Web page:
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Collin County Rep. Considers Gun Control After Shooting

“I’m a Republican through and true, but this needs to be where we come together and figure out how to fix this”
Photo: Brian Ashcraft | Local Profile

Texas state representative Frederick Frazier, his wife and two children were at Allen Premium Outlets on Saturday, May 6, roughly an hour before the fatal shooting of eight people. As a Republican state representative from McKinney, he now believes that the moment has come to initiate discussions about enhancing gun regulations in Texas.

During an interview with WFAA, Frazier said he is “absolutely” willing to consider changes, especially to laws surrounding AR-15-style weapons. Local Profile reached out to Frazier’s office but did not receive a response prior to publishing. 

“Are we making it too easy for them to get these weapons? Why is that particular weapon the weapon of choice every time?” Frazier asked. “And that’s something we have to take a hard look at, and that hard look needs to come from the 2A grassroots. It has to come from the NRA. That sit down has to happen."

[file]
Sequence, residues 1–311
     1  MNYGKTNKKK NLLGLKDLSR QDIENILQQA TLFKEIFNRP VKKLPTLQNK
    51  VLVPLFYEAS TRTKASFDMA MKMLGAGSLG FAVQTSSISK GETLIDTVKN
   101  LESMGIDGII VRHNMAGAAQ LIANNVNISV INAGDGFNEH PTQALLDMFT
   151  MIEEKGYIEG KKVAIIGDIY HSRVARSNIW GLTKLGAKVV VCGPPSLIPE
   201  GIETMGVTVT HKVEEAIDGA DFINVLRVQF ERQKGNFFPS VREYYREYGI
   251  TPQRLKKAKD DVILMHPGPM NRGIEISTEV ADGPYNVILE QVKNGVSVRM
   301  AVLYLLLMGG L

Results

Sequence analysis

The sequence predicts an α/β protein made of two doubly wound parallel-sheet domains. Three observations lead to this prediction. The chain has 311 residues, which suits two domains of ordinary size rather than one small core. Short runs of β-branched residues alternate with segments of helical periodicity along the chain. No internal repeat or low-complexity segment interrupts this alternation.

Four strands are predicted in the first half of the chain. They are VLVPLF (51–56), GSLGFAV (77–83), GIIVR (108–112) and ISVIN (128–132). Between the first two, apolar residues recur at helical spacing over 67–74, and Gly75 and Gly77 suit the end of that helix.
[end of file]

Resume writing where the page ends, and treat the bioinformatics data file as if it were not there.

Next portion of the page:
Frazier came to the defense of two Republican House colleagues, state Rep. Justin Holland and state Rep. Sam Harless. They voted in favor of advancing a bill, House Bill 2744, that would raise the age limit for purchasing certain semi-automatic firearms, such as AR-15s, out of a select committee. The unexpected committee vote was seen as a victory for families who lost loved ones in Uvalde and who have been lobbying at the Texas Capitol consistently.

However, the bill's future remains uncertain since the calendars committee has yet to decide whether to move it forward to the floor, and the deadline to do so is swiftly approaching.

“They’re doing it from their heart. They’re not doing it because they hate guns. We’re gun wearers,” Frazier told WFAA. “Why would we want to take guns away from citizens to protect themselves? We want citizens to be armed. We want citizens to protect themselves, but we also don’t want maniacs with pure evil in their hearts to go out there and kill our families and everyone else’s family.” 

Frazier said he is pleading with his colleagues to engage in difficult conversations that are necessary to make progress on gun legislation before the session ends in less than three weeks. He expressed his desire for action on the issue and stressed the urgency of taking meaningful steps to address gun violence.

“I’m a Republican through and true, but this needs to be where we come together and figure out how to fix this.”